Brazil has axed WhatsApp’s new payments system over concerns about its impact on the country’s financial ecosystem.
Launched initially in Brazil with a view to expanding into other territories, the service allowed users to transfer funds between one another via WhatsApp, but was live for less than two weeks.
According to Brazil’s central bank, the WhatsApp feature poses a threat to the country’s existing payments system in the context of competition, efficiency and data privacy - and should be subject to a review by the nation’s monetary watchdog.
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Payments infrastructure firms Visa and Mastercard have been ordered to halt all transactions made via WhatsApp, or else face fines and sanctions.
The new WhatsApp payment system was designed to simplify the process of transferring funds between individuals, while also providing local businesses with a foothold in the digital economy.
The service was to be free for all personal users, much like WhatsApp’s messaging service, but businesses would be charged processing fees similar to those they might pay when accepting credit card transactions.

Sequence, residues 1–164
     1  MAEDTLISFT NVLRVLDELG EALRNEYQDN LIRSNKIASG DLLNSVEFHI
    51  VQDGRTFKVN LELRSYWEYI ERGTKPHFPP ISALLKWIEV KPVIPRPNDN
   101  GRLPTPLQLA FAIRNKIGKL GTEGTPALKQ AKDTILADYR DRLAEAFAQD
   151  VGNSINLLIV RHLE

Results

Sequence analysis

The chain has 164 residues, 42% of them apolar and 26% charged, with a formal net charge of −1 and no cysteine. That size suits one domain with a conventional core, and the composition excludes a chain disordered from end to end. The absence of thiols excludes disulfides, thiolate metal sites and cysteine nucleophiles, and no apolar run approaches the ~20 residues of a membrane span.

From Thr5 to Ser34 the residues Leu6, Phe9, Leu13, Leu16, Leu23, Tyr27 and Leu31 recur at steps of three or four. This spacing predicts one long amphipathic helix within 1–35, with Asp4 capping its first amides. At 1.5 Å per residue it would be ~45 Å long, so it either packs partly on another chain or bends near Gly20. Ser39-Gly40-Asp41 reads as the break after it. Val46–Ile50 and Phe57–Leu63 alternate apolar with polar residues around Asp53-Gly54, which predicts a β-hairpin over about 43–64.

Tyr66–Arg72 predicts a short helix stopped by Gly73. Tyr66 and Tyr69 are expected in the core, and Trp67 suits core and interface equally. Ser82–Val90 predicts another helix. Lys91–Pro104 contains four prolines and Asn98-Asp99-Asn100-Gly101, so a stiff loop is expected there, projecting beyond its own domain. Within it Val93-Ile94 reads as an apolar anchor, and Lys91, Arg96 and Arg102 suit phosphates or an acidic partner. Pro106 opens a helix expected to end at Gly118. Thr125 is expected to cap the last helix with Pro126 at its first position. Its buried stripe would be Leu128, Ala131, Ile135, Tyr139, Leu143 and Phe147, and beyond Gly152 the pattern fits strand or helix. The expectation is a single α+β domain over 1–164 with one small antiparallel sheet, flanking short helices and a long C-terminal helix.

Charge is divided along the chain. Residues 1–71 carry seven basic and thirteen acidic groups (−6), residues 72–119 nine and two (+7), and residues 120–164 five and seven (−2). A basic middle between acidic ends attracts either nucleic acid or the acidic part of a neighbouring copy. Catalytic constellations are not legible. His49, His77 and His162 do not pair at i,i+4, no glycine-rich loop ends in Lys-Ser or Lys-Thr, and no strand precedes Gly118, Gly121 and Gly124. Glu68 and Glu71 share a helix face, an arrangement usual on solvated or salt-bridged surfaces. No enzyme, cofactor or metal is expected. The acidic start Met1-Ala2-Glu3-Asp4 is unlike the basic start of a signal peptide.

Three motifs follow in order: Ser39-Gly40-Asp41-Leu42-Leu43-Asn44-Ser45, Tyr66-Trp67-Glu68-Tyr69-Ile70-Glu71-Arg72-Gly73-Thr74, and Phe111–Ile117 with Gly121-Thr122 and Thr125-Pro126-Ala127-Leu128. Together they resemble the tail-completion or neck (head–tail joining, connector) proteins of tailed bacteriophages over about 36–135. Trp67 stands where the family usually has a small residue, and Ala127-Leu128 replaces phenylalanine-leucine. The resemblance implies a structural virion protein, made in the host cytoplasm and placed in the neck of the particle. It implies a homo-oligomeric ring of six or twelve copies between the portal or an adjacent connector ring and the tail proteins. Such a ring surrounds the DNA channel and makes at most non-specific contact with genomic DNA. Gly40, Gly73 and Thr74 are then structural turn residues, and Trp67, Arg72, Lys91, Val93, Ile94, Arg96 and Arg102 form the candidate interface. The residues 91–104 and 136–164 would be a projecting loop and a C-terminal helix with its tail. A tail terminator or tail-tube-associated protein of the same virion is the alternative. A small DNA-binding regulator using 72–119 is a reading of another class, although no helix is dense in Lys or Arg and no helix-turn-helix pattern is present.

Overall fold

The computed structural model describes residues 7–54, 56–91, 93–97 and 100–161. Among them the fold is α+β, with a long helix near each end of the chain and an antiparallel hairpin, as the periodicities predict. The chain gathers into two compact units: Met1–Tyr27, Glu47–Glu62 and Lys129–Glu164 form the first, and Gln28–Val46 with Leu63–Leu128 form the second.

However, WhatsApp’s service was launched without the permission of Brazil’s central bank, which has since set out regulation that requires new market participants to seek approval before entering the payments ecosystem.
A statement issued by WhatsApp (opens in new tab) indicates the firm will continue to work with the Brazilian bank to allay its concerns and revive the project.
The company also suggested it could be open to an approach that involves a wider range of participants, in a bid to address concerns about market concentration.
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Via Reuters (opens in new tab)